Tag Archives: Richard Ford

Memoir as the quest to understand

“To write a memoir”, [Richard] Ford claims, “and to consider the importance of another human being is to try to credit what might otherwise go unremarked”. In pondering this, however, Ford is brought up against his own “incomplete understanding”. While Between Them was undertaken in order to “remedy my longing by imagining them near”, it is just as much a record of lapses and blanks. Ford adopts a speculative mode, with provisional portraits evoked by missing details:

“And how was it for him? Driving, driving alone? Sitting in those hotel rooms, in lobbies, reading a strange newspaper in the poor lamplight … smoking?”

Oftentimes, Ford develops the scene in the negative:

“I don’t remember the time of year of his heart attack … I don’t remember it being cold or hot.”

As a consequence, what is most moving is less the story told than the nature of the inquiry: the long view taken by a son trying to imagine what his parents felt about their own lives, what these lives were like before him, and what they have become in memory.


Stephanie Bishop reviewing ‘Between Them’ by Richard Ford, a memoir of his parents. The Monthly June 2017 (from here) 

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A universal truth to be reckoned with

[There is] a truth that sits beneath the surface of the twin, universal facts of our beginnings and endings: the unequivocal triad of mother-father-self. Whether that triad is sturdy or broken, bonded by biology, affection or both, it’s one that most of us must reckon with, in some shifting fashion, all of our lives.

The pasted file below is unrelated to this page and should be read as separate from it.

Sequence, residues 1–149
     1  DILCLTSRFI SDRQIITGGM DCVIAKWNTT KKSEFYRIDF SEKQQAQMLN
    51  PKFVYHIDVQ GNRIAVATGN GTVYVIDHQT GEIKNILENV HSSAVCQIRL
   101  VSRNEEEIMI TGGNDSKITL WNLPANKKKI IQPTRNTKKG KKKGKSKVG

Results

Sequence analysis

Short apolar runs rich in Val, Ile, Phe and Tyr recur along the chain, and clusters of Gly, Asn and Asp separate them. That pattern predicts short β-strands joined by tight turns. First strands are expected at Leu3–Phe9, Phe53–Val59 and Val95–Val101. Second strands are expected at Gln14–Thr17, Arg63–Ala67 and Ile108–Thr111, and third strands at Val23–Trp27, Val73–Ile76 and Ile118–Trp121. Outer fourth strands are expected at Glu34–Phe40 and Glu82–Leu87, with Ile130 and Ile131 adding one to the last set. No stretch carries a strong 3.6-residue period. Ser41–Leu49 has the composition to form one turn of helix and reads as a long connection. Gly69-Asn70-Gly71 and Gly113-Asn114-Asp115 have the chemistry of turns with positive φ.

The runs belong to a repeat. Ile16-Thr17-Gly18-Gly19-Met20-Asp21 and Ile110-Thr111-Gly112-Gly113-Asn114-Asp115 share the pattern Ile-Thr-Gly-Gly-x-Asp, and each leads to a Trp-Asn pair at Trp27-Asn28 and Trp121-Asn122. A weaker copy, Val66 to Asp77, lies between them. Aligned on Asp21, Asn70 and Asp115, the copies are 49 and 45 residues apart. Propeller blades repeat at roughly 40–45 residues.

Cheryl Strayed on Richard Ford’s Masterly Memoir of His Parents May 1, 2017 The New York Times (from here) 

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The voice of a story

I think voice is the music of the story’s intelligence, that the voice of a novel, the voice of a story, is not the speaking voice of Frank Bascombe but it is something a good bit more complex. It is how a novel sounds when it is doing its most important business on you, when it is, as novels do, as poems do. Novels lean on us. They are artifice. They are rhetorical. They are trying to affect us and change us. And that’s what I hear, what I understand, when I use the word “voice.” Richard Ford

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